In Hollywood, nothing is sacred ' except perhaps Katharine Hepburn. If she were still alive, she'd have turned 100 this year. So to celebrate the theoretical occasion, Warner Home Video has just released the Katharine Hepburn 100th Anniversary Collection, containing six of her films that have never before been available on DVD. There are no masterpieces in this bunch, but most of them are at least watchable and all could be called curiosities.
Morning Glory, the best of the six, is also the oldest, having opened in 1933. Hepburn plays Ada Love, a stagestruck lass from small-town Vermont, who has just arrived in Manhattan.
'Either I'm a rotten actress or I'm a great actress,â?� she says when she gets a little drunk. 'I'm not just a pretty good actress.â?� Ada, who changes her name to Eva Lovelace because she thinks it'll look better on a Broadway marquee, will, it turns out, do pretty much anything for a part in a play.
It's not hard to guess why Hepburn earned her first of four Oscars for her role in Morning Glory (which also stars Douglas Fairbanks Jr. and Adolphe Menjou). For one thing, the film's about acting, which undoubtedly would have interested academy voters. But her Oscar victory probably also had a lot to do with her unemphatic yet somehow passionate delivery, a stylized approach to dialogue that was a new flavor in those days. It also must have helped that the plot calls for Hepburn to perform Hamlet's big soliloquy and one of Juliet's speeches ' and that she rises admirably to these occasions.
Fans of the films that Hepburn made with Spencer Tracy may be pleased to learn that their Without Love (1945) is now on DVD. She's a woman with an interest in science and a big house in Washington, D.C. He's a scientist on a secret government assignment. A wartime housing shortage draws them together, even though they've both renounced romance. In the interest of science, and for the good of the country, they embark on a marriage of convenience.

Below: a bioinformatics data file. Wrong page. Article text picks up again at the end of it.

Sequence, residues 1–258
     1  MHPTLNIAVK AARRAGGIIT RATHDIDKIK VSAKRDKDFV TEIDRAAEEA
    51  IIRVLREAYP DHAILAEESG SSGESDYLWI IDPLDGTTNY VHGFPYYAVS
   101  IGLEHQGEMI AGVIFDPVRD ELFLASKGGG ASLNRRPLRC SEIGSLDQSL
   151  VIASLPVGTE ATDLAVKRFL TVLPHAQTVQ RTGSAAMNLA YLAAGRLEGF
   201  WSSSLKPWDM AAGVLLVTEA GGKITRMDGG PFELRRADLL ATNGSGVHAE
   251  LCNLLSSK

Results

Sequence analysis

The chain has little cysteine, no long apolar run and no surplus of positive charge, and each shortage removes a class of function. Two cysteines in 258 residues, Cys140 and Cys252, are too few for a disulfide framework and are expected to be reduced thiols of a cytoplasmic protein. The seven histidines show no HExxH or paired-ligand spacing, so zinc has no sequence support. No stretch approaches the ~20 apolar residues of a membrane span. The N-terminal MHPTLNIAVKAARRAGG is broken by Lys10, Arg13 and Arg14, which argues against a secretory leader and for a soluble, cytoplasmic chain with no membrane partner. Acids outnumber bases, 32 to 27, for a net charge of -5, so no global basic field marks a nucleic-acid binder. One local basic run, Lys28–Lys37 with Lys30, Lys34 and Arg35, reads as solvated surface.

While Without Love isn't top-notch Hepburn-and-Tracy, like Adam's Rib or State of the Union, it's still proof that these people had something special going on. Although the script actually sinks to having Tracy sleepwalk, it was at least written by Philip Barry, who also wrote the delightful Holiday and The Philadelphia Story, the latter a personal triumph for Hepburn. Lucille Ball is great fun here as a tart-tongued real-estate agent and Keenan Wynn is amusing as a nerdy socialite.
Sylvia Scarlett (1936) is notable mainly because it was directed by George Cukor, with whom Hepburn made 10 pictures, and because she co-stars with Cary Grant, with whom she would go on to appear in such classics as Bringing Up Baby. There's a certain wan charm to this film, in which Hepburn and Grant play members of a troupe of con artists who give up crime to become traveling performers. The gimmick is that for most of the movie Hepburn's character poses as a boy. She looks provocatively Peter Pan-ish, but the booming voice that her character affects as part of her disguise ruins the effect. The show is stolen by Grant, who, for the first time in his career, taps the deep reserves of charm that soon would make him a star.
It's almost a tossup as to whether Dragon Seed (1944) or Undercurrent (1946) is the worst entry in this collection. You'd probably have to give it to the former because, at 148 minutes, it's longer by more than a half-hour.
Based on the Pearl S. Buck bestseller, Dragon Seed features Hepburn, Walter Huston, Agnes Moorehead and other assorted Anglos playing Asians and speaking like fortune cookies. Meanwhile, in the bland melodrama Undercurrent, Hepburn portrays a young bride whose handsome husband (Robert Taylor) harbors a horrible secret. (Not even the great Robert Mitchum, who pops up briefly, can redeem this turkey.)
The odd film out here is The Corn Is Green (1978), which, unlike the others, isn't from the '30s or '40s. Also, it's not a feature film, but rather a made-for-TV movie. Based on Emlyn Williams' endearingly middlebrow play, it marks Hepburn's final collaboration with director Cukor. As an aging schoolteacher in a Welsh mining town of the early 1900s, Hepburn is a tad too adorable in that way that Martin Short likes to spoof, but she's still fairly entertaining. When the teacher she plays discovers that one of her students is exceptionally intelligent, she bends every effort to help him.
This birthday collection pretty much sticks to basics: just the films, their trailers and a handful of vintage live-action and animated shorts. Whatever their individual merits, the half-dozen Hepburn features, taken together, do reveal something about the scope of her career: Unlike Eva Lovelace, sometimes she's a rotten actress, sometimes she's a great actress and, yes, sometimes she's just a pretty good actress.